5 Most Common Misconceptions about Cambodia
Since I left my home country, I have noticed a few misconceptions about Cambodia that most people have. Cambodia doesn’t appear much in the news, so it is completely understandable that people don’t know much about it. Even when I meet people who have heard of the country, what they know is outdated, and this blog post should clarify that. It will not, however, address specific misconceptions relating to poverty or investments, yet.
1. The official language is Cambodian
I know it is tempting to say we speak Cambodian, but unfortunately Cambodian isn’t a language. We speak Khmer; and it’s only spoken in Cambodia. Just as Hindi, and not Indian, is the language in India, Khmer is the language in Cambodia. Khmer is influenced by Sanskrit and Pali, so occasionally some words overlap with words in languages that are also influenced by Sanskrit, such as Thai.
2. Cambodia is a communist country
In order to explain this misconception, we need to back up a little bit.
King Norodom Sihanouk led Cambodia after our independence from France in 1953 until 1970 when Prime Minister Lon Nol ousted him. In 1975, Pol Pot took over the country, and Cambodia entered a new era, officially called “Democratic Kampuchea”; it is, however, widely known as Khmer Rouge. I have noticed that if people happen to hear about Cambodia at all, it is either through the song “Holiday in Cambodia” or Khmer Rouge. The era was practically communist; everybody had equal properties (i.e. a pair of black pants, a black shirt, and a red scarf), and educated individuals were killed, because that would not create an equal society. In the end, about 2 million Cambodians were killed.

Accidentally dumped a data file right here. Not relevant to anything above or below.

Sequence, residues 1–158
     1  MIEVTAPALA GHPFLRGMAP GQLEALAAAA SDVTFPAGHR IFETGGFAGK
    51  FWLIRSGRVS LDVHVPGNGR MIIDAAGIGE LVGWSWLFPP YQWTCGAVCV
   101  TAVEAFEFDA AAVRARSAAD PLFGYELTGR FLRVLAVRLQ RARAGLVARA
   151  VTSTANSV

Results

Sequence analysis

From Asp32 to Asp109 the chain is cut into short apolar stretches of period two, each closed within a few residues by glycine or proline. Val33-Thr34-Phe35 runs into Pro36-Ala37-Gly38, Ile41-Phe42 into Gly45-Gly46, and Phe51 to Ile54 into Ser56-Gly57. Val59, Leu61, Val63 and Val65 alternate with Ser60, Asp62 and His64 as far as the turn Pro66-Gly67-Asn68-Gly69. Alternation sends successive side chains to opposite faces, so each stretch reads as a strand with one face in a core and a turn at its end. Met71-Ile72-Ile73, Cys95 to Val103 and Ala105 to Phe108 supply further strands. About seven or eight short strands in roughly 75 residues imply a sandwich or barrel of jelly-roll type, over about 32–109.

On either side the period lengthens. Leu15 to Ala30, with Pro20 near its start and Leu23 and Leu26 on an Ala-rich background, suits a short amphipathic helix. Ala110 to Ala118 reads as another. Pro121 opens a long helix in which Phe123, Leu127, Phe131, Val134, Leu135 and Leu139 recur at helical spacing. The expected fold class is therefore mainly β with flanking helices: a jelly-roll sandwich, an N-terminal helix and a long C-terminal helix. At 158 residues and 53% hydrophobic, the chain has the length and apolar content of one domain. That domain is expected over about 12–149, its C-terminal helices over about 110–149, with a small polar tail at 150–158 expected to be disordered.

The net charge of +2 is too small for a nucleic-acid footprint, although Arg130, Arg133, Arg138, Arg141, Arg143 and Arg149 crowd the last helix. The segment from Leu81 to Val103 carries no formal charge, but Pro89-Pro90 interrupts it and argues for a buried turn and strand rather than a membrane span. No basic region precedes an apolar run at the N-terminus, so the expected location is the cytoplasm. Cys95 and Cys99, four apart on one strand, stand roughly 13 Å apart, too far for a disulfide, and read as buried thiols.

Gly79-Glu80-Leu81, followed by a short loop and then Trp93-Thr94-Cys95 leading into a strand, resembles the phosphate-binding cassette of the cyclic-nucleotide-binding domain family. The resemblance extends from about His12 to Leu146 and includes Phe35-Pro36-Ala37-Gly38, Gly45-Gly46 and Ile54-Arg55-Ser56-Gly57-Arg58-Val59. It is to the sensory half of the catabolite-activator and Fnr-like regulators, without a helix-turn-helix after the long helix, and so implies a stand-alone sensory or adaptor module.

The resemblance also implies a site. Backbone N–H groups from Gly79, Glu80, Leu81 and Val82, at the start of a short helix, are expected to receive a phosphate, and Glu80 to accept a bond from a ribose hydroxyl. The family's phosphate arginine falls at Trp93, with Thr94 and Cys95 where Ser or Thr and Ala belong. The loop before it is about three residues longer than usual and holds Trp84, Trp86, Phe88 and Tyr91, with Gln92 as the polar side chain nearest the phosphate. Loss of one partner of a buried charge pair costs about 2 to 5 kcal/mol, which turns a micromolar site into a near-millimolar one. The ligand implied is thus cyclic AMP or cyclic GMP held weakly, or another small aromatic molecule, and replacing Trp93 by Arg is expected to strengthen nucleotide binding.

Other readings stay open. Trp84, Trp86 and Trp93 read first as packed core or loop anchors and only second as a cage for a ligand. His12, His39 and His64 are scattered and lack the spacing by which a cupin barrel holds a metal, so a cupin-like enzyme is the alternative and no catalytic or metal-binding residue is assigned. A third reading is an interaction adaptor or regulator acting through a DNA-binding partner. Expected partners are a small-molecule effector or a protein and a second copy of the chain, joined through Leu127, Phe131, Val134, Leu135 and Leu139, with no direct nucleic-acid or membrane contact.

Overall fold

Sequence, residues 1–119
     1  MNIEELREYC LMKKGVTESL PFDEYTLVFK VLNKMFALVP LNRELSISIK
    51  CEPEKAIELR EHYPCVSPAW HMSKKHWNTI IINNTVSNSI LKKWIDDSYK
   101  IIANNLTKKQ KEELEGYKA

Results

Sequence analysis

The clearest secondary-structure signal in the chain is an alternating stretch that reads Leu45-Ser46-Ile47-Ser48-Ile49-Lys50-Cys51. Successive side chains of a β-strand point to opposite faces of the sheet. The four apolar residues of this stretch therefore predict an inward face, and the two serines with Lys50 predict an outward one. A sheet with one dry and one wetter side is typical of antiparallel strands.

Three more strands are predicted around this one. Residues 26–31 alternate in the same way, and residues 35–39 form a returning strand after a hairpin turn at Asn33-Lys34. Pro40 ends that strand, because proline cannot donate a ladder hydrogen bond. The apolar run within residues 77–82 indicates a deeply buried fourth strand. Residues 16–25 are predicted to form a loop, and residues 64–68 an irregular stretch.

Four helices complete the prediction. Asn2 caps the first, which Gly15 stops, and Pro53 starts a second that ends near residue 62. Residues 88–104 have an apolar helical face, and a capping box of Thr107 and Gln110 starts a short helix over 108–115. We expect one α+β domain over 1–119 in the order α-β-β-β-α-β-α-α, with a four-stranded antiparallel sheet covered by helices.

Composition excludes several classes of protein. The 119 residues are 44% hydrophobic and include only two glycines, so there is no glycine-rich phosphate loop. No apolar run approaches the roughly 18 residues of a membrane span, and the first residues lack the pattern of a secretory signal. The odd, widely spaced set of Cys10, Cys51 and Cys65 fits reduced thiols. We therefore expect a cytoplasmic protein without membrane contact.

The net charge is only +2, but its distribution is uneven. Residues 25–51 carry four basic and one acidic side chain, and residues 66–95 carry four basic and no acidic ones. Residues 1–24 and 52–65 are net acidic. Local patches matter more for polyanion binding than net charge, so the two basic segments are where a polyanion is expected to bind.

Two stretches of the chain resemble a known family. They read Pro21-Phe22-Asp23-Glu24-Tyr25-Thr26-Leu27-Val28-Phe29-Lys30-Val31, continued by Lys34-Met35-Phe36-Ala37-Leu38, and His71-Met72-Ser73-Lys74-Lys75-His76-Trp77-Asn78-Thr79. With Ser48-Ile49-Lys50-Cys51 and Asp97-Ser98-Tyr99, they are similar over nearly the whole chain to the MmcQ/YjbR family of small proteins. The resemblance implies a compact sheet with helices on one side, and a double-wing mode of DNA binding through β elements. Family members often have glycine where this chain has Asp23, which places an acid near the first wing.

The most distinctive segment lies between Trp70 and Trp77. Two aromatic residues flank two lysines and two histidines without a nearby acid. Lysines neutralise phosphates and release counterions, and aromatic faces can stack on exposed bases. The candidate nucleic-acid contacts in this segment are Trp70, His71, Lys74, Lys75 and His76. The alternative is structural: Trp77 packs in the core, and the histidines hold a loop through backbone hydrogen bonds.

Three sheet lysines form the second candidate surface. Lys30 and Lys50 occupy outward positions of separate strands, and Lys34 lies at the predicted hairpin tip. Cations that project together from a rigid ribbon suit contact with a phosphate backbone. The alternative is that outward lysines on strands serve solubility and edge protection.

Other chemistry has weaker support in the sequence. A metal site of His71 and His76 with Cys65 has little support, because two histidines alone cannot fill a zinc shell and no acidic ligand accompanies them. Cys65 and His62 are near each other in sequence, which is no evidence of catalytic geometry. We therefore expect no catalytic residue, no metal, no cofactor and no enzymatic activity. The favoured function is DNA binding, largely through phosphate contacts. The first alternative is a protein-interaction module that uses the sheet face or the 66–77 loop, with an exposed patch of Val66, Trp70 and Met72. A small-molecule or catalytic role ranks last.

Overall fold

In 1979, Cambodia entered another era called “People’s Republic of Kampuchea” which implies that Cambodia was a communist country. Only in 1993 did Cambodia had its first election, and to make the story short, there were two Prime Ministers, one of which was Hun Sen. Since then, Hun Sen has been the PM.
While the current Prime Minister Hun Sen has been officially in position since 1993 when Cambodia had its first election, Cambodia is legally a democratic country, with an established election process and multiple parties.
3. Khmer Rouge is still happening
Nope, it’s all gone; it’s been gone for 36 years. There’s no more killing or death penalty for stealing, nor is there curfew. It is definitely safe enough to visit. I believe the reason a lot of people think Khmer Rouge still exists is because it is pretty much the only matter that shows up in the news.
4. Cambodia is part of Vietnam
Cambodia is bordered by Vietnam, and we are two different countries, with our own government. It is true that Prime Minister Hun Sen has a good relationship with the Vietnamese government, but as of now, Cambodia is not part of Vietnam. The reason there is the misconception could be because when tourists (especially Asian tourists) go on a guided tour to Vietnam, they are also taken to Angkor Wat, which is in Cambodia.
5. Angkor Wat was built by Indians
Angkor Wat was originally built as a Hindu temple, which is probably why many Indians I have talked to said Indian people built it. I have also learnt from a few Indian friends that ancient Cambodians visited India to study architecture and literature, and return to Cambodia to build the temple complex.